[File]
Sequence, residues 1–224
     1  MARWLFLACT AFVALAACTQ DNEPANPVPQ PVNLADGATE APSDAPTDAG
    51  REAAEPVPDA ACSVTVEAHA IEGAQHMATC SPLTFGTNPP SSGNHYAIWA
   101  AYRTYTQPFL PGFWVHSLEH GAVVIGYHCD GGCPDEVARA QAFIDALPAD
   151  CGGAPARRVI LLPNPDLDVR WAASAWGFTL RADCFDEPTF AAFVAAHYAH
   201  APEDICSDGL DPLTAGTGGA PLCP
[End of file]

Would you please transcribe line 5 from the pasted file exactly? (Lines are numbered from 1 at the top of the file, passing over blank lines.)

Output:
   151  CGGAPARRVI LLPNPDLDVR WAASAWGFTL RADCFDEPTF AAFVAAHYAH